Hong Kong’s universities are likely to continue attracting international students despite the introduction of a sweeping national security law, according to Polytechnic University’s deputy president and provost Alexander Wai Ping-kong.
“Universities in Hong Kong have a good reputation and do well in international rankings. Many students from mainland China and overseas are still interested in studying here,” he said in an interview with the Post on Friday.
He also expected the law to have only a limited impact on PolyU’s academic and research activities.
For the coming academic year, however, the combination of last year’s anti-government protests and the Covid-19 pandemic has resulted in a sharp decline in applications from non-local students, particularly from mainland China, for taught postgraduate programmes.
Wai, a PolyU veteran of more than two decades, revealed that the university received about 20,000 applications for taught postgraduate programmes this year, a steep 28 per cent decline from last year.
The city’s universities have seen challenging times, with several campuses affected by last year’s anti-government protests, and the pandemic causing classes to be suspended for more than four months this year.
PolyU was among the hardest hit last November, when radicals occupied the Hung Hom campus for almost a fortnight, engaged in violent clashes with police and left buildings and facilities trashed.
More than 1,100 were arrested over the incident, of which only 46 were students of the university.
The national security law, which came into effect on June 30, outlaws acts of secession, subversion, terrorism as well as collusion with foreign and external forces, and carries a maximum penalty of life imprisonment for the most serious offences.
The law, tailor-made for the city by Beijing, also requires schools and universities to promote national security education to raise public awareness, leaving critics worried it could curb freedom of speech and academic freedom.
Wai said PolyU had not received any government guidelines on the new law, but its academic council would be meeting soon to discuss the matter.
“If there are requirements under the new legislation, we would of course have to abide by the law,” he said.
He believed, however, that the new law would have only a limited impact on the university’s academic and research activities, which were focused mainly on subjects such as engineering and applied sciences.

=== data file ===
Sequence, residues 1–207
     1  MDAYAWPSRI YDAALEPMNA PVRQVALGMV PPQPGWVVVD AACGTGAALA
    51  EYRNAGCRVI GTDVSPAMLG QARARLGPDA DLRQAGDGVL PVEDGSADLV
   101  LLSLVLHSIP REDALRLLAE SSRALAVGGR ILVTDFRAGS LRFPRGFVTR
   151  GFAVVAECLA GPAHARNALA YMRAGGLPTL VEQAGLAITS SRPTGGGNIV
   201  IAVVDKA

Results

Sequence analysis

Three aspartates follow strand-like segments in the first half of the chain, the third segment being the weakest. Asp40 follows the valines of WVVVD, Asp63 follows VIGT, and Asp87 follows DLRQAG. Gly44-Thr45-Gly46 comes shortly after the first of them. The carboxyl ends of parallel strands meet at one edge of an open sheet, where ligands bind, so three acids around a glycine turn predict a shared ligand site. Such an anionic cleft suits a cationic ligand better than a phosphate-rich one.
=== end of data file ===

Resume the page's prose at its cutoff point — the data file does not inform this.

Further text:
The United States responded to the law by threatening restrictions on exporting dual-use technology to Hong Kong, but Wai said this would “barely affect” PolyU’s research work as many alternative sources of such technology were available.
While some overseas students might have concerns about choosing Hong Kong, Wai felt the impact from those who stayed away would be “marginal” because international students came not only from the US and Europe, but also South Asia and Africa.
“I think the new law might even boost the confidence of some parents from mainland China to send their children to Hong Kong for taught and research postgraduate programmes,” he added.
This year’s sharp decline in applications for taught postgraduate programmes at PolyU was a stark contrast from last year, when the numbers rose by about 26 per cent from the year before.
The drop in mainland Chinese applicants was noticeable, and Wai said it could be because of ongoing political instability in Hong Kong. Last year’s protests had a strong anti-Beijing aspect and some mainland students decided to return home.
Most of the damage caused by protesters’ occupation of PolyU last November has been repaired, with strengthened security measures put in place.
Wai said there was also a decline in local students applying for taught postgraduate programmes, which could be the result of the economic downturn caused by the pandemic.
Applications for bachelor’s programmes by non-local students were down nearly 10 per cent by June. But Wai said the numbers could change as mainland Chinese university entrance exams were only taking place this month after being delayed by the pandemic.
Several Hong Kong universities announced last week that some online classes might be retained in the new semester starting in September, although they planned to return gradually or partially to face-to-face teaching during the term.
At PolyU, Wai said, classes of fewer than 50 would be conducted face-to-face in the new term, with social distancing in place. Larger classes will be taught online.
Wai said PolyU would arrange off-campus accommodation for students who need to be quarantined.
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